Is Russian mafia financing Icelandic expansion abroad?

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Is Russian mafia financing Icelandic expansion abroad?

TV-station Stöd 2 asked yesterday on its evening news broadcast if it is Russian mafia money that's financing Icelandic expansion abroad.

The question was provoked by an article that appeared yesterday in the British daily Guardian titled "Next-generation Viking invasion" by Ian Griffiths (http://www.guardian.co.uk).

Prompted by rumors about Icelanders preparing a bid for British retailer Marks & Spencer, Griffiths, who was selected Business Journalist of the Year at the 2005 British Press Awards, asks "They've got the cash to buy big UK groups like M&S. But where does it come from?"

Griffiths finds the rags to riches story of three Icelanders in post-communist Russia incredible. While their competitors in St. Petersburg's mafia-ridden brewing business were being murdered or having their factories mysteriously burned down during the 1990's, Björgólfur Thor Björgólfsson, Björgólfur Guðmundsson and Magnús Thorsteinsson escaped not only unscathed out of Russia but also, they claim, with piles of money after selling their Bravo International brewery to Heineken for USD 400 million in 2002.

Returning to Iceland in 2002, the threesome purchased a controlling share in state bank Landsbanki in a controversial sale.

(For background on the banks and the privatization, see Iceland Review, Daily News, May 31, "Privatization of banks draws heavy fire";  June 14, "Prime Minister's feelings hurt but announces he has been exonerated"; and June 15, "Icelandic banks are vulnerable".)

Griffiths points out that inflows of foreign capital into Iceland from the offshore centers Luxembourg and the Channel Islands, where Landsbanki has subsidiaries, grew substantially from 2002 to 2003. He also observes that Icelandic "predators" bought GBP 894 million worth of British companies last year, up from only GBP 26 million in 2002. Meanwhile in Iceland, Landsbanki and affiliated parties have engaged in several takeovers and acquisitions, and the Icelandic stock index, ICEX-15, has risen by almost 300 per cent.

Griffiths notes that Björgólfur Guðmundsson, who now reigns as Chairman of the Board at Landsbanki, was sentenced to 12-months' imprisonment, suspended for two years, when a shipping company under his management went bankrupt in the late eighties. He, his son, Björgólfur Thor Björgólfsson, Iceland's first dollar billionaire, and their St. Petersburg business partner, Magnús Thorsteinsson, now wield direct or indirect control over many of the largest companies in Iceland. Griffiths refers to the holdings of the two Björgólfs as a "powerful empire that takes in pharmaceuticals, telecommunications and financial services."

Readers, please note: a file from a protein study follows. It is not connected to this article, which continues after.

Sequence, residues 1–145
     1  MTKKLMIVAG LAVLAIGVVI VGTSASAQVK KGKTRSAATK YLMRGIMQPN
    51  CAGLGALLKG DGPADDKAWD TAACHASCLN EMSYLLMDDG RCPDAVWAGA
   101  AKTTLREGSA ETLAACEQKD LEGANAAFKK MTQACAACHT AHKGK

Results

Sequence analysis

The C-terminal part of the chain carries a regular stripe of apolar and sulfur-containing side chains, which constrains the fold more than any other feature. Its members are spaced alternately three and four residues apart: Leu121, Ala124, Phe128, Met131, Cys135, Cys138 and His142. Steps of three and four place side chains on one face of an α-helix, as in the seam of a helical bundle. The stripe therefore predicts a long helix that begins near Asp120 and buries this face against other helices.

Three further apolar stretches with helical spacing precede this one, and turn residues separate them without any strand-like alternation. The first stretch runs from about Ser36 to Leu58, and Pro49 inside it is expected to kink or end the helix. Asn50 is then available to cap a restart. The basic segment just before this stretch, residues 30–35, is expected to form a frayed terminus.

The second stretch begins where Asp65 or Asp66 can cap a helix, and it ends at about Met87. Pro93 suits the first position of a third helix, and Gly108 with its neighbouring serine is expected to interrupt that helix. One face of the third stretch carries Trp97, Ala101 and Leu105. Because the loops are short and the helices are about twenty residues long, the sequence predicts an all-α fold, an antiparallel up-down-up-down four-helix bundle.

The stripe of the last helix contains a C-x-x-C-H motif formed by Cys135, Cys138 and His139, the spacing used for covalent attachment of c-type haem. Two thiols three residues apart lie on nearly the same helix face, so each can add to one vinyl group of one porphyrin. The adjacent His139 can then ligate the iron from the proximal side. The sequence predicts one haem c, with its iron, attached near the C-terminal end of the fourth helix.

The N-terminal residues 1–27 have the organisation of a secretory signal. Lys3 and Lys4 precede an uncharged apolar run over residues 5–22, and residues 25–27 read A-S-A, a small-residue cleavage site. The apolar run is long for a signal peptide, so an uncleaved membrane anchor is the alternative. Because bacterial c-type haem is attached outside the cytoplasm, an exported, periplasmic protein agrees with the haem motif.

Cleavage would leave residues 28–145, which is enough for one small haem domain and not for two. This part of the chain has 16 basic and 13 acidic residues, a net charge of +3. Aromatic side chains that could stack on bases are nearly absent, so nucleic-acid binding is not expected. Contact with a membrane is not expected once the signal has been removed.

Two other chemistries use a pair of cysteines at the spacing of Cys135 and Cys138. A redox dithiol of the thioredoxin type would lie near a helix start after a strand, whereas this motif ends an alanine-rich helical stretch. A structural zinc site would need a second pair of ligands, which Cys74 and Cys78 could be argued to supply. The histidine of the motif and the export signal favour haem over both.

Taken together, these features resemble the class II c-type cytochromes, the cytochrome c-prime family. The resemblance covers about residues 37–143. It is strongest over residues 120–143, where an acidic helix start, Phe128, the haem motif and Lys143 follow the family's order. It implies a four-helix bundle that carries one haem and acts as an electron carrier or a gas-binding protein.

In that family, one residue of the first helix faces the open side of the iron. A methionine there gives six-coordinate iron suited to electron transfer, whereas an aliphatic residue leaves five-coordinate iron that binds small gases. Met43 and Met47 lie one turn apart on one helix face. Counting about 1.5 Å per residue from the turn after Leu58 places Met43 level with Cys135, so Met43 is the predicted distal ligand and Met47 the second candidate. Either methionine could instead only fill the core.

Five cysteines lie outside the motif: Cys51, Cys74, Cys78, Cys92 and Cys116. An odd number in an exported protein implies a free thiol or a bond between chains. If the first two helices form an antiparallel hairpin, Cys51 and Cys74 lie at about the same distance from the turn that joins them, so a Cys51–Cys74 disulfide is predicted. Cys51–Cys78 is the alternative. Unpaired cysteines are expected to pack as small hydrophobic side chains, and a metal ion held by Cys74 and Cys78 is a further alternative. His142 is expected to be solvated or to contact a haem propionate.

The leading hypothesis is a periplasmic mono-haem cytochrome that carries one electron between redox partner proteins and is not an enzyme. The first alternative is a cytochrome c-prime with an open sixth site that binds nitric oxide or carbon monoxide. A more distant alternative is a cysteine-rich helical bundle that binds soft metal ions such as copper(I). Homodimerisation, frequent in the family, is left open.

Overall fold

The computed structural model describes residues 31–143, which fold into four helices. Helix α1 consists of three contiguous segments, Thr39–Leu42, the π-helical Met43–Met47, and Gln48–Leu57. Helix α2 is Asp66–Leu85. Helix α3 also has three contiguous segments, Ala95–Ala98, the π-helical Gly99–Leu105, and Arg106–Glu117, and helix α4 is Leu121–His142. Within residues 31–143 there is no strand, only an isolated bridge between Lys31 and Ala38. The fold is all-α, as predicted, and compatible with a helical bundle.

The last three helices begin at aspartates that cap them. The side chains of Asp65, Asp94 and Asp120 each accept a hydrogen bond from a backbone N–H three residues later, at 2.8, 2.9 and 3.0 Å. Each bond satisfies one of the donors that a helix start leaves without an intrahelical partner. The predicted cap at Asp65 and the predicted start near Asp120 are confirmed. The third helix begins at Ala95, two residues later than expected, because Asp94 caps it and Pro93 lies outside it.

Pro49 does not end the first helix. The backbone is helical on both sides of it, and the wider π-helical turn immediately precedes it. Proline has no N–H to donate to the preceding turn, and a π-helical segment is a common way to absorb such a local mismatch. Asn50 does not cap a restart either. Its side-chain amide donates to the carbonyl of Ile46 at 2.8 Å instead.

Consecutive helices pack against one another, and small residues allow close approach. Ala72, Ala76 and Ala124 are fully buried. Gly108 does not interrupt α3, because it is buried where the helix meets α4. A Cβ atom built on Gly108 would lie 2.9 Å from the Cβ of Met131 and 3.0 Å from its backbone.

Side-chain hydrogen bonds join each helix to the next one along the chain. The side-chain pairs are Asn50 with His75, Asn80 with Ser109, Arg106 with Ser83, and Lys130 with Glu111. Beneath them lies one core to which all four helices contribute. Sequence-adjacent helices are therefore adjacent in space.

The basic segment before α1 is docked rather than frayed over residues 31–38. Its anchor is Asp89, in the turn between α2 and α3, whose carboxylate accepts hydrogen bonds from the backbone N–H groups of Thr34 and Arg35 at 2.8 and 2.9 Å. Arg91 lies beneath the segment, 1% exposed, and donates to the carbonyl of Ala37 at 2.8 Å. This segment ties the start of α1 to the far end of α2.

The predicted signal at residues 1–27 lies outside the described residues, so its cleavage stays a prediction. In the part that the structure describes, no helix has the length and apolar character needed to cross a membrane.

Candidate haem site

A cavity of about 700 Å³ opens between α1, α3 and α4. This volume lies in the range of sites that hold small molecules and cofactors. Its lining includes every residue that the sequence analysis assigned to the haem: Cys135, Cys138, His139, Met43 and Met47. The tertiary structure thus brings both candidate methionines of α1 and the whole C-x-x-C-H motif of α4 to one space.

(For coverage of the ongoing takeover attempt of Íslandsbanki by parties related to Landsbanki, see Iceland Review, Daily News, June 10, "Deadlock at Íslandsbanki?")

Griffiths observes that around the same time as the three gained control of Landsbanki, Icelandic companies have increasingly started striking out abroad. In the UK Baugur has been most visible, acquiring several British retailers. Griffiths names several, including Big Food Group, Oasis, Karen Millen, Goldsmith's and Hamley's.

Griffiths acknowledges that the persistent rumors of Russian money driving Icelandic expansion are "persistent but unsubstantiated." He goes on to write about the country's economic development, calling it a "miracle that has allowed Icelandic businessmen to march into the British high street and the City of London, capturing assets along the way - even though Iceland's output is about the same size as Mark & Spencer's market capitalization. Iceland's corporate cheerleaders have been swift to attribute their success to economic performance and dismiss the mafia money speculation as unfounded."

Stöð 2 did not draw any conclusions but ended its report yesterday by observing that Griffiths's Guardian story must reflect what British financial circles are talking about these days.